By Dan Spalding
WARSAW – These are not the Kosciusko County Commissioners that your grandparents could have ever envisioned.
In a matter of months, county leaders have suddenly felt impelled to scrutinize United States Constitutional issues on the local level in ways we’ve never seen.
They did it when they passed a resolution declaring the board maintains a strong commitment to all of the rights under the Indiana and U.S. constitutions. They initiated a review of all ordinances to make sure they are in line with the constitution.
Another resolution declared the county to be a Second Amendment Sanctuary county. At another meeting, Sheriff Kyle Dukes emphatically promised to block any attempts to confiscate guns even though there is no talk of that happening.
And they felt the need to remind county residents with a resolution pointing out that they will not support mandating COVID-19 vaccines even though nobody has even suggested such a thing locally.
But delving into whether the county needs to protect its employees and/or residents from Critical Race Theory is significantly different.
The commissioners announced recently that they are looking into the idea of how to protect the community from CRT.
CRT is a concept that’s been around for a few decades but has been limited to academic debates at the college level until recently.
The obscure concept gained notoriety after Donald Trump declared last year that it should be banned from schools despite (as usual) not providing a shred of evidence to support the claim.
In a nutshell – according to what I’ve been able to discern – those concerned with CRT claim that it intends to divide the races and, according to some, is part of a Marxist effort to destroy the country. Those on the other side contend that CRT explains the role of systemic racism in the United States and sheds new light on the impact of slavery.
The issue came up recently when Chris Magiera, a self-described constitutionalist who ran unsuccessfully a year ago in an attempt to unseat Republican U.S. Rep. Jim Banks, urged the commissioners to consider an ordinance or resolution addressing CRT.
Minutes later, county attorney Ed Ormsby informed Magiera and others at the meeting that the county is indeed already looking into that notion. On top of that, Ormsby then informed local reporters that Indiana Attorney General Todd Rokita would be the primary speaker at a special commissioners meeting to discuss the dangers of CRT.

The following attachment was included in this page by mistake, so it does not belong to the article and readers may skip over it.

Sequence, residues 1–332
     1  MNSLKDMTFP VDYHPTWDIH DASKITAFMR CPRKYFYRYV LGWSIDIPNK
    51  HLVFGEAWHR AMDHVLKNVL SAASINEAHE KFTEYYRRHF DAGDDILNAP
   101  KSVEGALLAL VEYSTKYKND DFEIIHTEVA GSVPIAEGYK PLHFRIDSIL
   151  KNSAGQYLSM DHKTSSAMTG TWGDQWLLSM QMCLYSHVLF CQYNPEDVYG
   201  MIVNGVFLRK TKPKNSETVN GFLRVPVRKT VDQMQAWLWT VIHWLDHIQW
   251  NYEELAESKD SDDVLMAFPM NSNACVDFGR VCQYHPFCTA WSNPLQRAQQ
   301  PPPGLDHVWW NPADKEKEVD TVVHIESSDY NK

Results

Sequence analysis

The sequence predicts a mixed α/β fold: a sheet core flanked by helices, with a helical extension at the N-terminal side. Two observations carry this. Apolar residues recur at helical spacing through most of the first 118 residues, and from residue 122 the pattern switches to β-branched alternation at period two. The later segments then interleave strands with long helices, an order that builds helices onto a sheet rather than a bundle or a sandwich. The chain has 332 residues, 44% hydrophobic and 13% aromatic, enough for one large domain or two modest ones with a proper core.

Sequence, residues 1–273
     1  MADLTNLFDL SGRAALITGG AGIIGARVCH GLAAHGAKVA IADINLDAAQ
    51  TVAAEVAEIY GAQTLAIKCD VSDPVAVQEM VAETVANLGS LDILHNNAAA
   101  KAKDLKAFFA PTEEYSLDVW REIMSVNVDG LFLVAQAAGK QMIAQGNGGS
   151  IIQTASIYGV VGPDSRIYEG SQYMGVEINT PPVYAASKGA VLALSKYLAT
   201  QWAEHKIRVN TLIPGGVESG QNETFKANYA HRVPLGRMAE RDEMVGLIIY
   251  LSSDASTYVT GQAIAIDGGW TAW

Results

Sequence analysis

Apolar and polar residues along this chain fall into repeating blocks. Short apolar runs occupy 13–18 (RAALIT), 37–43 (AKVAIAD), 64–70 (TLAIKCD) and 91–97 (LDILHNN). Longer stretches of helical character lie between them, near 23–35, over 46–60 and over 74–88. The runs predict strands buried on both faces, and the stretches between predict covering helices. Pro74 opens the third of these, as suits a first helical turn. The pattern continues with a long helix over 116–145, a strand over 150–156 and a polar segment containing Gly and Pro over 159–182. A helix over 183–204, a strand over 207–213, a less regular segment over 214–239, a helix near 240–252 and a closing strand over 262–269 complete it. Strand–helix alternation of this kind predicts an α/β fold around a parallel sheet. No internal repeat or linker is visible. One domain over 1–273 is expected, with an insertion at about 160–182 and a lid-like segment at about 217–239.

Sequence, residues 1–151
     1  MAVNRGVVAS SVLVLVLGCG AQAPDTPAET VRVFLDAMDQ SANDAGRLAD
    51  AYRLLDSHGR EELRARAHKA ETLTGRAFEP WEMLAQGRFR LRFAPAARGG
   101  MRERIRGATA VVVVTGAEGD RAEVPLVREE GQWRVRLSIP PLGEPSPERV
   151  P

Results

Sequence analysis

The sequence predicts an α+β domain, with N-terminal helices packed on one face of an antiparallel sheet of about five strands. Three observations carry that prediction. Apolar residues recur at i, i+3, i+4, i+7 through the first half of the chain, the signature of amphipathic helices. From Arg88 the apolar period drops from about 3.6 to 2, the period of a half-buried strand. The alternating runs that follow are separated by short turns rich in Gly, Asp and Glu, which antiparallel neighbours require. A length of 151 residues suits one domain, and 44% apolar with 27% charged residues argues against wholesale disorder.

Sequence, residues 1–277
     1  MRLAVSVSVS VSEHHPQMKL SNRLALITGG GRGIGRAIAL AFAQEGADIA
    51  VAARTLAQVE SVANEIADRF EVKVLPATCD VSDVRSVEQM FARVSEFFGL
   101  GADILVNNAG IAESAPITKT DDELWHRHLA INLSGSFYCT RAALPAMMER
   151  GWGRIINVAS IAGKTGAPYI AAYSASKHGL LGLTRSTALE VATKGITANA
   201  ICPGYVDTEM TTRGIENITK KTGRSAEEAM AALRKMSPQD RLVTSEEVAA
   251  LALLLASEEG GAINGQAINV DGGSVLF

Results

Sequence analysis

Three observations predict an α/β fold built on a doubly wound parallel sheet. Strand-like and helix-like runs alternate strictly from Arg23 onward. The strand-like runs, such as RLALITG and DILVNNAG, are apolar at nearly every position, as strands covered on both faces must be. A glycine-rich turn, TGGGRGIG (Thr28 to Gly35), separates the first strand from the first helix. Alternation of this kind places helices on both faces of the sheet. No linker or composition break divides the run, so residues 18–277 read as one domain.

Anyone who thinks that that series of moves is just a coincidence is kidding themselves and should contact me about some oceanfront property in Atwood.
All of this looks like it was designed to scare parents, fire up the base of Republicans who are still aligned with Trump and provide a platform for Rokita, who appears to have his eyes set on running for governor.
Many are wondering what led to this sudden interest in assuring all aspects of life in this county fall within the framework of the constitution.
Some have pointed out that this new focus coincided with the arrival of Ormsby as county attorney late last year when he was chosen to replace Chad Miner after Miner was elected to serve as a judge.
Ormsby denied that assertion and said the three commissioners are all on board with these concerns.
The commissioners are expected to discuss the matter at their regular meeting on Tuesday, July 6, and then two days later when Rokita visits. Both meetings will be open to the public.
This issue has riled up folks on both sides of the political aisle and the upcoming meetings promise to be full of emotion and questions.
Questions like … where did all of this gain traction?
Are the commissioners relying on Fox News and other conservative media outlets to set policy?
Why didn’t the commissioners meet with local school superintendents to learn if CRT exists in local classrooms before announcing their concern?
And who the heck thinks the commissioners should be dictating public school curriculum? I’m no lawyer, but I can tell you with confidence that they have no jurisdiction on the matter.
Commissioners Brad Jackson, Cary Groninger and Bob Conley – who normally spend much of their time on constituent complaints, zoning issues and road repairs – have a lot to explain next week.
Conley told me last week that they are sworn to uphold the constitution and that that’s what they’re doing.
It’s one thing to declare the county as a 2nd Amendment gun sanctuary or watch as the sheriff promises he won’t support the confiscation of guns. None of these moves will have any real impact.
But grandstanding on what some see as a non-existent issue that could put a target on the backs of educators for the sake of political gain feels unnecessary and inappropriate. Our educators have enough to worry about following the most difficult year they’ve ever experienced.
As we enjoy the long Fourth of July weekend, there will be fireworks across the country, but it looks like more fireworks are on the horizon next week in Warsaw.
What a waste of time.
What a shame.